Seven killer Linux apps that will change how you work

Here are seven killer Linux office productivity apps you may not know about.

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Linux productivity tools

The sheer number of Linux apps available today is mind boggling and one category in particular has exploded over the last few years … productivity tools. While there are a few well-known apps such as LibreOffice and NeoOffice (both forks of OpenOffice), there are many more tools that will make your work easier. Here are seven killer Linux office productivity apps you may not know about … and note that many of them are also available for OS X and Windows, so if you have to hop between operating systems, you can keep at least a semblance of consistency.

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If you need a programming and Web content editor that’s really sophisticated but lightweight and flexible, you have to check out Bluefish. What I really like about Bluefish is it loads fast, supports projects (groups of files), has auto-completion and auto-tag closing, understands many programming languages, and includes site upload and download ability. And that’s just scratching the surface of what Bluefish can do.

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Need to work with databases? Kexi is the Linux equivalent of Microsoft Access and very similar in use. Available as part of the Calligra office suite, Kexi is a visual database creator and user interface. Bundled with SQLite and compatible with MySQL and PostgreSQL databases (for both import and export), Kexi is fast and stable. A tool for migrating from Microsoft Access is available and it provides APIs covering most of its functionality.

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If you’re into Getting Things Done, live and die by lists, or you want to keep notes or a journal, then Zim could be just what you need. Free and open source, Zim is a lightweight multimedia "desktop personal wiki" that does a whole lot more than just handle text and images. Through plug-ins Zim can check your spelling, perform calculations and create calendars. You can use Zim to create HTML for online publishing and there’s an embedded web server to publish live content. Simple, elegant and thoroughly useful.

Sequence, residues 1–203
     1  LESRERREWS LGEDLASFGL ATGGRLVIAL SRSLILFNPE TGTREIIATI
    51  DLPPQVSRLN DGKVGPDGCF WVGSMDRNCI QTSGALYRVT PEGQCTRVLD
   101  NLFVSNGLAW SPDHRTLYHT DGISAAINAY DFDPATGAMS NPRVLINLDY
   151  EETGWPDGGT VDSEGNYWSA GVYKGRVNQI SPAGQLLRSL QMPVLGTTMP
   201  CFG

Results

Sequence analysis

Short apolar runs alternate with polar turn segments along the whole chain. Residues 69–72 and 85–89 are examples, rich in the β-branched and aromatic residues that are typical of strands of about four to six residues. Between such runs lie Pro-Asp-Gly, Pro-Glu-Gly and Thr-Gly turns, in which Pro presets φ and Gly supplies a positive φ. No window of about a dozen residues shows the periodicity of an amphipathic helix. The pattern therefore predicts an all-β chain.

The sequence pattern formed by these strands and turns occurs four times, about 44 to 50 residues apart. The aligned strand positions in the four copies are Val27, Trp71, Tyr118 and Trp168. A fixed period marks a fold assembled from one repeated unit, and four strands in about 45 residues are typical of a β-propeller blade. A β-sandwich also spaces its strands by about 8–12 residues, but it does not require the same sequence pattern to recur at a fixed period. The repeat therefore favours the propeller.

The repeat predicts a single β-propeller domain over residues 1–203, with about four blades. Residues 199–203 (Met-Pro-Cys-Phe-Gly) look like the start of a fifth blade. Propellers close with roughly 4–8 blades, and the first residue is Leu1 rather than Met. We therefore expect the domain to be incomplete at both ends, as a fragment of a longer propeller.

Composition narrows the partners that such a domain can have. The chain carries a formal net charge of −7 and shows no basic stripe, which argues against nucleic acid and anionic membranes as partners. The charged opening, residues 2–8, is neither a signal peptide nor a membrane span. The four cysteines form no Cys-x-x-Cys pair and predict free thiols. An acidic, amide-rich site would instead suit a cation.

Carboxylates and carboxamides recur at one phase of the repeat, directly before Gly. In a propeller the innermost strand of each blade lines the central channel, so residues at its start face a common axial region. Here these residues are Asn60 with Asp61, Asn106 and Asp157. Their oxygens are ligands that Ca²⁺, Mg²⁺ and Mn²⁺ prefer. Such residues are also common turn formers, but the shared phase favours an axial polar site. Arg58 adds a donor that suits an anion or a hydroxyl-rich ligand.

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When you’re writing it can be hard to maintain your focus. You’ve got email popping up in one window, social media in another, any number of apps waiting for your attention … it feels like there’s a conspiracy to distract you. This is where Focuswriter comes in. Focuswriter is a word processor designed to exclude distraction. As you can see above, there’s nothing to do but write. It’s highly customizable, has optional autosave, and can even produce typewriter sounds if you want to feel like you’re doing it old skool.

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Any Linux user worth her salt will learn to love the command line because, while GUI-based apps are great, there’s lot of things that can be done from the command line faster and more flexibly. However, launching a terminal session is a speed reducing road bump. To boost your productivity you need Guake, a drop-down command terminal for Gnome desktops. Install it, press the default F12 key and voila! Using KDE? Check out Yakuake. GTK+? You want Tilda. All of these tools are free and open source.

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Krita Desktop

If you do any graphics work you should take a look at Krita Desktop, a really impressive free, open source, painting tool that rivals Adobe Photoshop on features and makes a lot of graphics work flow much easier.

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If you’re looking for a Linux email client don’t bother with Thunderbird … it’s not getting much love from Mozilla any more. Nope, if you want a really outstanding desktop email client Evolution is what you should be taking a serious look at. Compatible with Microsoft Exchange 2007/2010 and OpenChange servers, Evolution provides email, calendaring, contacts, memos and tasks. Think of it as Outlook without the baggage.

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Tell us about your favorites

As a Linux user your choice of applications increases every day and it’s now possible to find apps for Linux that rival if not transcend anything you can find for Windows or OS X. The collection of Linux apps outlined here are some of the best apps I know of but, given the rate of expansion of the Linux universe, there are undoubtedly apps I have yet to explore. If you know of any that you think are world class, let me know at

ALSO: Ultimate guide to Linux desktop environments

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